I hesitate to predict any kind of big jump from Martinez this season, simply because he’s already very good, and it’s hard to forecast him beating those 4+ win projections by all that much, simply because it’s hard to be much better than that. But if there’s one pitcher on the Cardinal roster right now who could take a transformative step forward, it’s pretty clearly Carlos Martinez. This will be the first time in his major league career he’ll have a different pitching coach, and perhaps Mike Maddux’s analytical, open-minded approach can unlock that next level for Carlos. A change in pitch mix could, I think, benefit Martinez, who has all the stuff in the world but doesn’t always seem to get the most out of that stuff. More consistent mechanics would help, I believe; I actually love the way Carlos pitches below maximum effort so often, pacing himself to contribute innings, but his delivery varies so much when he does so that I feel he actually becomes far less efficient.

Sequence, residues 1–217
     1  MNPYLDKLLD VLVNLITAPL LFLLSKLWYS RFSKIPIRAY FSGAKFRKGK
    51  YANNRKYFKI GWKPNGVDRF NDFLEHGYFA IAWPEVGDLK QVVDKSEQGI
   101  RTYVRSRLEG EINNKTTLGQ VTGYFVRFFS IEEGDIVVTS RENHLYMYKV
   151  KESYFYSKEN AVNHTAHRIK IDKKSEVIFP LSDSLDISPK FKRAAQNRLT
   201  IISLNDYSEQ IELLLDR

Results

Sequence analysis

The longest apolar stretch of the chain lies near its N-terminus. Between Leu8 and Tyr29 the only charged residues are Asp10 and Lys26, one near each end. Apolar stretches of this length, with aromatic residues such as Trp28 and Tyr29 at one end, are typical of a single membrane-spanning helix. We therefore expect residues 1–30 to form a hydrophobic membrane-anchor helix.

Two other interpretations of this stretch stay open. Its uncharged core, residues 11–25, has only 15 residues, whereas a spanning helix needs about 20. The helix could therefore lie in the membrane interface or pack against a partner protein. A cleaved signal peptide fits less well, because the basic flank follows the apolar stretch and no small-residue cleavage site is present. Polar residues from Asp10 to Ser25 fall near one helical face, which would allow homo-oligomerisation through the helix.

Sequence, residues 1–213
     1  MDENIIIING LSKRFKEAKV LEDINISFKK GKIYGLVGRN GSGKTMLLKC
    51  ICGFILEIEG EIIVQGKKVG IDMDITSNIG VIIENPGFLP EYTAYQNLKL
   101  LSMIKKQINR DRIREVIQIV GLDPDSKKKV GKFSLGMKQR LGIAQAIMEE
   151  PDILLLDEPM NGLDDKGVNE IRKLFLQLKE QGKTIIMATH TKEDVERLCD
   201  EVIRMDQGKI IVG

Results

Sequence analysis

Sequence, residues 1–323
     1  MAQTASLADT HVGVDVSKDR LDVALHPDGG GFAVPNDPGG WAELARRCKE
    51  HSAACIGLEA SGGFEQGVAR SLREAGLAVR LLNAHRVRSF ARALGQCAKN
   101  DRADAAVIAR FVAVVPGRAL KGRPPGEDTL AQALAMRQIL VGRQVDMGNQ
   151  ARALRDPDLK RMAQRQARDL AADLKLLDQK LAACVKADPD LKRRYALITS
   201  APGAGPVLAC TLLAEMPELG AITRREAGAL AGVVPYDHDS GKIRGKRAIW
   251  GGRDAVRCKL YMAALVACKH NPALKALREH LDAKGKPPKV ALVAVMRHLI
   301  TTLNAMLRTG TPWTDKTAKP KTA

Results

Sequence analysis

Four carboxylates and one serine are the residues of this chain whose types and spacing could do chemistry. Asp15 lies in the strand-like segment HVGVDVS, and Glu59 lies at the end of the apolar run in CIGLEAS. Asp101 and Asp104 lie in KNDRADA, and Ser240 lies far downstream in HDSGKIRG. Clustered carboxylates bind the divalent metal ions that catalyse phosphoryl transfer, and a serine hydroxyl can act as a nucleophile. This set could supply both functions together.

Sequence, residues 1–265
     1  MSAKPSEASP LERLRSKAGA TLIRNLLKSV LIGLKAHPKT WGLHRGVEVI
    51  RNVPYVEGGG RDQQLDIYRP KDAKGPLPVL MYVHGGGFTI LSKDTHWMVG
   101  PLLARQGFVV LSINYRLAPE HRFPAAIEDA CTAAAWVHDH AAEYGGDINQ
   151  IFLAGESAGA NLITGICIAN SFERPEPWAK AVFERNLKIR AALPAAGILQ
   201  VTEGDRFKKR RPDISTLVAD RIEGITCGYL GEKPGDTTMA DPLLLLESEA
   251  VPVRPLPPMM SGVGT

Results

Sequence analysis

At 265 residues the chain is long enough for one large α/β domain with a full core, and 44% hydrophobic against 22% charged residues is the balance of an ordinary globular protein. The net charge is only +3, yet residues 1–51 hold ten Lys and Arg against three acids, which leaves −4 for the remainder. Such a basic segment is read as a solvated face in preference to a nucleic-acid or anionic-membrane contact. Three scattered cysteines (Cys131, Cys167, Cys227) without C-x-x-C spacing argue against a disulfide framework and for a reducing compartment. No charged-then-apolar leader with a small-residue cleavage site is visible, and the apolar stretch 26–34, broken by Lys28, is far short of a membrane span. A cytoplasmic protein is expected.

If Carlos Martinez improves this season and goes from a ~3+ win pitcher to a ~4+ win pitcher, that could be a big boost for the Cardinals. On the other hand, if he could take that final step and ascend to the ranks of the elite, that could be a game-changer. And could take a chunk out of that ~4.5 win difference between the Cards and Cubs.
2.) Tommy Pham
2017 fWAR: 5.9 (530 PA)
Projected 2018 WAR: 2.9 Steamer (586 PA), 3.3 ZiPS (532 PA)
If you’re looking for a place where a couple of those projected wins separating the Cardinals and Cubs could be made up in one fell swoop, look no further than Tommy Pham. In fact, while Carlos Martinez may be the bellwether for the 2018 Cardinals, I would hazard to say Tommy Pham is probably the most important inflection point. If Pham is really the very solid, respectable starting outfielder the projections see him as, then things are probably fine, and the Redbirds are solid Wild Card contenders. If, however, Tommy Pham is anywhere near the all-around badass he was in 2017, then immediately something like half of the gap between St. Louis and Chicago just disappears. And if he’s somehow really the guy he performed like in the second half of ‘17, he might make up that whole gap on his own.